Amy Winehouse Toxicology Test Results Reveal No Illegal Drugs In Singer's System At Death
LONDON -- Amy Winehouse had no illegal drugs in her system when she died, and it is still unclear what killed the singer, her family said Tuesday. The family said in a statement that toxicology tests showed "alcohol was present" in the singer's body but it hasn't yet been determined if it contributed to her death.
The 27-year-old soul diva, who had battled drug and alcohol addiction for years, was found dead in her London home on July 23, and an initial post-mortem failed to determine the cause of death.
A statement released by spokesman Chris Goodman on the family's behalf said "toxicology results returned to the Winehouse family by authorities have confirmed that there were no illegal substances in Amy's system at the time of her death." The statement did not mention whether any legal drugs were found.
It said the family awaited the outcome of an inquest that is due to begin in October.
Winehouse's father, Mitch, has said his daughter had beaten her drug dependency three years before her death, but he admitted she was still struggling to control her drinking after several weeks of abstinence.
Mitch Winehouse told mourners at the singer's July 26 funeral that she had said to him, "'Dad I've had enough of drinking, I can't stand the look on your and the family's faces anymore.'"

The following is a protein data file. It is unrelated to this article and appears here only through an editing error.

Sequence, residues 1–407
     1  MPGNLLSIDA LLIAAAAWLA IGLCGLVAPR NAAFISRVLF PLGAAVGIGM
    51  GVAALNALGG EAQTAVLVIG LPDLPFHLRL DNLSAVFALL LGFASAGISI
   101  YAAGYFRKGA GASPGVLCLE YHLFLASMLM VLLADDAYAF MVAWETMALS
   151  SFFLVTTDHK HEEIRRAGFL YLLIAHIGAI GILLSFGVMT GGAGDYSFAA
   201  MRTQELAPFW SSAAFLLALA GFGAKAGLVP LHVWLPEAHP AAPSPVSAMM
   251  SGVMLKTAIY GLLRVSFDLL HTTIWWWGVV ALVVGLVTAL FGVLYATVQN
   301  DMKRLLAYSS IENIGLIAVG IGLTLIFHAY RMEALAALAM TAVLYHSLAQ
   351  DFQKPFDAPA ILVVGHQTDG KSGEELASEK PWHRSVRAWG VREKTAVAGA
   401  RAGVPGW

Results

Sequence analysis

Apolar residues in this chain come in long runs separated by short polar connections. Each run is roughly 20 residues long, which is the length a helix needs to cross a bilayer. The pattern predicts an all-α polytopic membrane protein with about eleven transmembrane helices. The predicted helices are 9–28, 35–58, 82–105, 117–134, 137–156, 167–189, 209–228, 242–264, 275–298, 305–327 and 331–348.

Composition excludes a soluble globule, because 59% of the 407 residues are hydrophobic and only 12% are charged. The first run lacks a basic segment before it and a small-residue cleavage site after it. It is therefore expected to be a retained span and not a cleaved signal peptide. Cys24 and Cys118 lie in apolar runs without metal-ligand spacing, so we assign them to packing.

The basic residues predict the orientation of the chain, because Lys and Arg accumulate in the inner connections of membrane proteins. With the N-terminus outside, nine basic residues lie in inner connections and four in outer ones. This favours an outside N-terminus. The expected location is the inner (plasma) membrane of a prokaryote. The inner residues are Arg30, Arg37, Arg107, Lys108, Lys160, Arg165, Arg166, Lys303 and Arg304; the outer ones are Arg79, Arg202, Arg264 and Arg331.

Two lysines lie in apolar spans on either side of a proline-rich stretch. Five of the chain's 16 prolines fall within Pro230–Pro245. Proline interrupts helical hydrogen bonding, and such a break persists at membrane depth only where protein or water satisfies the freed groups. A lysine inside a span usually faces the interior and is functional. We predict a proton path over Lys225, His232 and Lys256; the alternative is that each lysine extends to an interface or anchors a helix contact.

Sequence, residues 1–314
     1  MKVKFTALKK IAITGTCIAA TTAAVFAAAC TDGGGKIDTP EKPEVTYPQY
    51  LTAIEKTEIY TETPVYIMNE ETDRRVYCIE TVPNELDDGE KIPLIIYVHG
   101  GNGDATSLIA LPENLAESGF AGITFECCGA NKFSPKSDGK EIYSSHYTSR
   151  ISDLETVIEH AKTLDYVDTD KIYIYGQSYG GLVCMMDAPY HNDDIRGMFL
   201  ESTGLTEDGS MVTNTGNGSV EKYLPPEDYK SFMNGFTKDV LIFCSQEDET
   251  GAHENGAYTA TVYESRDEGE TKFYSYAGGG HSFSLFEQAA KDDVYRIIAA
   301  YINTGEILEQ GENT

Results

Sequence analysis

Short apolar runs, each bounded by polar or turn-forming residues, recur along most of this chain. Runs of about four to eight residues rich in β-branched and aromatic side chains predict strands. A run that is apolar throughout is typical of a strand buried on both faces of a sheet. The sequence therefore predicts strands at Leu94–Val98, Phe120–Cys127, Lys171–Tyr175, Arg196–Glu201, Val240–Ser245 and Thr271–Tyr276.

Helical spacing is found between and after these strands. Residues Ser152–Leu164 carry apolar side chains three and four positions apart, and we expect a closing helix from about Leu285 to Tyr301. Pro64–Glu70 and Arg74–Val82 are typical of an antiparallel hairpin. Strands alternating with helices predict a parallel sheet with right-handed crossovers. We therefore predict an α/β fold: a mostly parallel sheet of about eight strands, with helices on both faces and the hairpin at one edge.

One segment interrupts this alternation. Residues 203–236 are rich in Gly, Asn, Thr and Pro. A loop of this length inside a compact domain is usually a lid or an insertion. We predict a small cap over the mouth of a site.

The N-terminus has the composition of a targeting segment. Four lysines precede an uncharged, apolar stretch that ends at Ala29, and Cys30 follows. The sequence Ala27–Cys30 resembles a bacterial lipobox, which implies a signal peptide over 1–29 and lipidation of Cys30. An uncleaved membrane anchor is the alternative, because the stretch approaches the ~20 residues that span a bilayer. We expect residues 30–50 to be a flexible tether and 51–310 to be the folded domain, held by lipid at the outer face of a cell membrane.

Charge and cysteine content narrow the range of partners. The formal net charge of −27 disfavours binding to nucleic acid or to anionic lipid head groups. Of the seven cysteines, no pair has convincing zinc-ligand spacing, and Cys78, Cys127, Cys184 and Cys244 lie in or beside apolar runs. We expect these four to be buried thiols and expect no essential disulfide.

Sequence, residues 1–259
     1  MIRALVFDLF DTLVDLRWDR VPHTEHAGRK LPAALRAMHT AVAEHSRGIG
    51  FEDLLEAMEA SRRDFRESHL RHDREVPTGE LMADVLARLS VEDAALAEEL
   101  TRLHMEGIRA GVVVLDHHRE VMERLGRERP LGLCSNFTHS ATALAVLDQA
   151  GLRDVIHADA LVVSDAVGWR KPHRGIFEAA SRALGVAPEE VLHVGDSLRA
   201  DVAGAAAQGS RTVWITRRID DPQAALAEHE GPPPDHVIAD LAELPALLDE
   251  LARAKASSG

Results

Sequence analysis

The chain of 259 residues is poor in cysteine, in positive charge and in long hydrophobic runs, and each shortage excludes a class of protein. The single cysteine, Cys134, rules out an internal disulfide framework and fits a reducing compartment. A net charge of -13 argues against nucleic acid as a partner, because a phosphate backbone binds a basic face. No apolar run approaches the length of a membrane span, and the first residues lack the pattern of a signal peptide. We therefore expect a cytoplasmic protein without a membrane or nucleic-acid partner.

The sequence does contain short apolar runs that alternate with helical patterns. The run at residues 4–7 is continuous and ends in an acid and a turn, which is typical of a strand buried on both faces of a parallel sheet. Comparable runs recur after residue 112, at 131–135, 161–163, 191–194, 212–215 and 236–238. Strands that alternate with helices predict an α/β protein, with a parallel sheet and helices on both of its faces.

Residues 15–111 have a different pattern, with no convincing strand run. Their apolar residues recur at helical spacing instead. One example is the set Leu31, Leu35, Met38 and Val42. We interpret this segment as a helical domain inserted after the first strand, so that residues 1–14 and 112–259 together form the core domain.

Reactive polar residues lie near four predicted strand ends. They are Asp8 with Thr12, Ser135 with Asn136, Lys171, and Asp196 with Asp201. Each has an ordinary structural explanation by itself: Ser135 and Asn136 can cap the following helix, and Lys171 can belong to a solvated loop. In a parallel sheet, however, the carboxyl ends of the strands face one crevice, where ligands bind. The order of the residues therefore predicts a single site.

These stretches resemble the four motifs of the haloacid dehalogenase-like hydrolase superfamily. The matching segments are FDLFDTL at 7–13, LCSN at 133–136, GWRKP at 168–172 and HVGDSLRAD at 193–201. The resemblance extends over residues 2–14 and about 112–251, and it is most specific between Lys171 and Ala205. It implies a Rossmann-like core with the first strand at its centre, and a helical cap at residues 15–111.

The Winehouse family announced plans to establish a charitable foundation in the singer's name to help people struggling with addiction – although Mitch Winehouse has said the plans are on hold because someone else had registered the name Amy Winehouse Foundation.
In her short lifetime, Winehouse frequently made headlines because of drug and alcohol abuse, eating disorders, destructive relationships and abortive performances.
Her health often appeared fragile. In June 2008 and again in April 2010, she was taken to hospital and treated for injuries after fainting and falling at home.
Her father said she had developed the lung disease emphysema from smoking cigarettes and crack, although her spokeswoman later said Winehouse only had "early signs of what could lead to emphysema."
She turned her tumultuous life and personal demons into songs such as "Rehab," from her Grammy-winning album "Back to Black."
Her death prompted an outpouring of emotion from fans – many of whom left flowers and offerings outside her house in north London's Camden neighborhood – and from fellow musicians.
Her final recording, a duet with Tony Bennett on "Body and Soul," is due to released next month as a charity single.
In Britain, inquests are held to establish the facts whenever someone dies violently or in unexplained circumstances. Winehouse's inquest is due to begin Oct. 26 in London.